June 16, 2015
Dear St. Paul’s Family,
Back in May, 2013, I had the privilege of preaching a sermon at the Large Church Initiative, a gathering of five hundred clergy and laity from the largest United Methodist churches in the country. The three-day event offered workshops and plenary sessions on how to revitalize church programs, create more effective systems, and do the work of the church better.
For that sermon, I chose to distinguish between the first and second letters that Paul wrote to Timothy, and I started with the line, “Some of us are 1 Timothy pastors; others of us are 2 Timothy pastors; most of us are a little of both.” I reminded them that 1 Timothy is a practical manual on how to improve the structure and systems of the local church. It is chock full of formulas from a seasoned church planter to his young protégé, and a veritable recipe book for how to do successful church programming.
I told them that there was a time earlier in my ministry when I was a lot like young Timothy, when I thought that pastoral success hinged on my ability to learn all the tips and techniques for building a bigger and better church: how to conduct a successful stewardship campaign; how to build a church of small groups; how to clarify a church’s mission and vision; how to reach unchurched people. I was a 1 Timothy wannabe.
And to a certain extent, that’s the kind of pastor you received eight years ago. I had just finished a stint as the associate pastor of Hyde Park UMC in Tampa, one of the great, dynamic churches in United Methodism. This big city, big church kid was eager to take the helm of his own church, take it out for a spin, and see where all this practical knowledge could take us. I began to apply everything I learned at Hyde Park to build the systems and create the programs that I believed would orient St. Paul’s toward a bright future. Over time, I think we could agree that those initiatives worked. We clarified our mission and vision in 2008 and adopted a long-term strategic plan, we gained new members, increased worship attendance, solidified financial giving, developed creative outreach ministries, and much more.
But this is not what I wanted to tell the pastors at that large church event. What I wanted to tell them was not how much I changed St. Paul’s UMC, but how much St. Paul’s UMC has changed me.
I drew a contrast with 2 Timothy, in which a much older Paul shared with a weary and worn Timothy a letter of very different tone and content. Instead of programs, structures, and systems, Paul told Timothy that the ultimate measure of successful pastoral leadership is to be found in the relationships one builds with people, creating a community of love, service, and generosity. So my key tag line in the sermon was this:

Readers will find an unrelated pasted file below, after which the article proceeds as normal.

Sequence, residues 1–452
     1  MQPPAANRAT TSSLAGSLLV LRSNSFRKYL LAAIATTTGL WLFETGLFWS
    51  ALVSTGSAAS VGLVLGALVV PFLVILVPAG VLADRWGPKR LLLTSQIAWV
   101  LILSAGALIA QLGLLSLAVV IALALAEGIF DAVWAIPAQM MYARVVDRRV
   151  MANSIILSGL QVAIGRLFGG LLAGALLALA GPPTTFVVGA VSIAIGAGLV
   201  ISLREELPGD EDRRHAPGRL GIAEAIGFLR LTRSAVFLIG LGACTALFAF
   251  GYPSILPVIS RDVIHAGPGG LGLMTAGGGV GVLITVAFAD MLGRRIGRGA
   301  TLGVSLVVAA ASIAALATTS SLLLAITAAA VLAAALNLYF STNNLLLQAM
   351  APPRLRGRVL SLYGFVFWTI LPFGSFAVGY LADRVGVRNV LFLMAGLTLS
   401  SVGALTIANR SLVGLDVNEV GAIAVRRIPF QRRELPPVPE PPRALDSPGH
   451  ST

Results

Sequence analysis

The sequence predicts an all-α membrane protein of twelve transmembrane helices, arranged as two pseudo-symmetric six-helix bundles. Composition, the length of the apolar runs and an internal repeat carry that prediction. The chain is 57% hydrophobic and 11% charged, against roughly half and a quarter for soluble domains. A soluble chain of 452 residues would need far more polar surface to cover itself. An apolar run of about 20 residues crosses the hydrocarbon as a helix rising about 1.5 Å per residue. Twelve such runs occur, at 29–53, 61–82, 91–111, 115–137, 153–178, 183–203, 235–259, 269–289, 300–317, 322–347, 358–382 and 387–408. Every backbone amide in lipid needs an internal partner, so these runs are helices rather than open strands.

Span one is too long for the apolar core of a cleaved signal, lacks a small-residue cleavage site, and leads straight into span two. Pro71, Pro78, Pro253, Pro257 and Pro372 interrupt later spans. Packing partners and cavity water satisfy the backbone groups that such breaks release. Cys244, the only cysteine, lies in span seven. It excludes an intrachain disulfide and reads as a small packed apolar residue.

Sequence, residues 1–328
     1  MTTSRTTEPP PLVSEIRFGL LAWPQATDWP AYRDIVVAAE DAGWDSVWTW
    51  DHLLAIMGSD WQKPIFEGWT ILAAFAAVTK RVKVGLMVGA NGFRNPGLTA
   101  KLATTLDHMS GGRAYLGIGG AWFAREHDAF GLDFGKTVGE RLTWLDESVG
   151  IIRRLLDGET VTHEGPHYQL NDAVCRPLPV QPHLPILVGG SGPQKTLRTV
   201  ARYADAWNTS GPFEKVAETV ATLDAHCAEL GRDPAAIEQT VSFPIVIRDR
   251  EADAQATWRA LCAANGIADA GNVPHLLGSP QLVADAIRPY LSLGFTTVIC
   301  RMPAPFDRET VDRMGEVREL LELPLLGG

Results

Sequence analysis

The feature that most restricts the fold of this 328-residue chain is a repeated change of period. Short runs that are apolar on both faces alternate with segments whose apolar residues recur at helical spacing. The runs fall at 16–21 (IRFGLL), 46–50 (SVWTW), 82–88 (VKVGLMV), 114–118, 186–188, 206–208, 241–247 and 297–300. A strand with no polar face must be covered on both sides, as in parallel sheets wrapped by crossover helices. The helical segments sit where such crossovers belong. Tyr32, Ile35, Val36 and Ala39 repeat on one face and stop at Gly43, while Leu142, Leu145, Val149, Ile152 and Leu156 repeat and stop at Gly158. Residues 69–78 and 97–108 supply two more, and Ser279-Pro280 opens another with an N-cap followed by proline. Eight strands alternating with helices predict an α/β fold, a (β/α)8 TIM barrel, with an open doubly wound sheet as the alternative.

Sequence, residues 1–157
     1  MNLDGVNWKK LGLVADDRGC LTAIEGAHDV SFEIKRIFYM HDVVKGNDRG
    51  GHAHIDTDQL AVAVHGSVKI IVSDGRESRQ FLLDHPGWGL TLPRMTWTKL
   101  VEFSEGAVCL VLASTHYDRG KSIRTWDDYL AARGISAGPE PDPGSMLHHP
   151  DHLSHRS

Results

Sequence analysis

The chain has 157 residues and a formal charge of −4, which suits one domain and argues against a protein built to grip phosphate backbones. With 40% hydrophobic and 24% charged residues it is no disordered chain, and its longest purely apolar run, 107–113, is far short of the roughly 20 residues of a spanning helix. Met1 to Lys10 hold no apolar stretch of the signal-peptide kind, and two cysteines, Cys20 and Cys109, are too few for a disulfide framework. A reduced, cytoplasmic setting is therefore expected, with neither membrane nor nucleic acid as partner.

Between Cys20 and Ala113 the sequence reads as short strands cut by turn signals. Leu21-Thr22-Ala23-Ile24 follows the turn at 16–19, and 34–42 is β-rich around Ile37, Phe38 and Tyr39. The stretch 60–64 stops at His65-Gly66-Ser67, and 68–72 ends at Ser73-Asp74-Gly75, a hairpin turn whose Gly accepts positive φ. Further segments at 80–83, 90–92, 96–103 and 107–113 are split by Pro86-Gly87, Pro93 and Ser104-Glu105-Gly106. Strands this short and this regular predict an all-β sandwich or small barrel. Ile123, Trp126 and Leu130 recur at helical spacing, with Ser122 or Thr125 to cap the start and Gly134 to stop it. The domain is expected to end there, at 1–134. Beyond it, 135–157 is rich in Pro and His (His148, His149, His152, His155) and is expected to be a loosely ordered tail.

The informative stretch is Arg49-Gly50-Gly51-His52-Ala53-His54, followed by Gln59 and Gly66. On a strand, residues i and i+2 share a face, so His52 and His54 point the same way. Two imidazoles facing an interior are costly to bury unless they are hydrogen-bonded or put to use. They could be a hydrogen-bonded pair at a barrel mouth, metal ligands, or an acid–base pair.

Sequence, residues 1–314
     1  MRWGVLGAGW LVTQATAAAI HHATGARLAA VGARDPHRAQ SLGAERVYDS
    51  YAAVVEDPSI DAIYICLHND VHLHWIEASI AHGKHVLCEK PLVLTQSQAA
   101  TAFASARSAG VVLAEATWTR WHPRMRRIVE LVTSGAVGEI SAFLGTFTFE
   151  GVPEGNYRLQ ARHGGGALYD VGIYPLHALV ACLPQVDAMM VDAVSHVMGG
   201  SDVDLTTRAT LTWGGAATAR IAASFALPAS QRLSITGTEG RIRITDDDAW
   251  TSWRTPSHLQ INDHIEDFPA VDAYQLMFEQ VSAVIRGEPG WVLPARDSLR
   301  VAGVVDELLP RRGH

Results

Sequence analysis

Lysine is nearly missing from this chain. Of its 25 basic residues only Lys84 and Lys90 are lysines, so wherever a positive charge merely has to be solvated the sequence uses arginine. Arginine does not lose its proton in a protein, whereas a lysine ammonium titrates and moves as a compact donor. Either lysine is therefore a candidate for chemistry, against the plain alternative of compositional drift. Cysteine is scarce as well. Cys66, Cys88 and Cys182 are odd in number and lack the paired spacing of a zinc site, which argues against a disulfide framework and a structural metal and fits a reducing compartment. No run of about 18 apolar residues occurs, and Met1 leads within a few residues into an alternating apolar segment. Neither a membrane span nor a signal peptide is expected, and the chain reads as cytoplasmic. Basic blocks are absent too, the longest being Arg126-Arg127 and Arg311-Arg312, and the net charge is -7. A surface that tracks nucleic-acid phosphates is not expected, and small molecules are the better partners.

“Systems are secondary; People are primary.”
And then, in front of a sanctuary full of the brightest and best leaders of our denomination, I bragged about all of you. About what you have taught me about what it means to be an effective pastor:
This is a lesson I learned first hand. While serving as an associate pastor at Hyde Park for seven years, I chose, through my own bright-eyed naiveté, only to focus on the 1 Timothy aspects of church ministry. And then, through a series of personal episodes, I found myself in 2007 transported 1,600 miles away, in a small town of less than 5,000 people to serve a church nestled among corn fields and pig farms. It was there that I began to apply everything Hyde Park had taught me. And I discovered that effective systems and processes do make a difference. But here’s the thing: the greatest lesson learned in Cherokee is not any that I have taught them, but the one they have taught me: People matter. The people of Cherokee have reminded me that the primacy of our calling as pastors, the essential place where the grace of God is transmitted, is in the context of relationships with real people. Often away from my office, away from my computer, in interactions that are sometimes private and painful, but always real.
It may be true that applying the lessons I learned at Hyde Park eight years ago helped us do effective ministry here together. But there is no doubt in my mind that what you have taught me about loving people has now made me a more effective pastor for the people of Hyde Park. As my friend Jim Harnish said to you several weeks ago, “Thank you for welcoming him with open arms eight years ago. And now, thank you for shaping him, nurturing him, and returning him home.”
This Sunday will be the final stop in our rich, fruitful journey of ministry together. It will be a day of celebration, of deep emotion, and of new beginnings. And it will be one final chance for us to say together, “Thanks be to God.”
The Rev. Magrey R. deVega
St. Paul's United Methodist Church
531 W. Main St.
Cherokee, IA 51012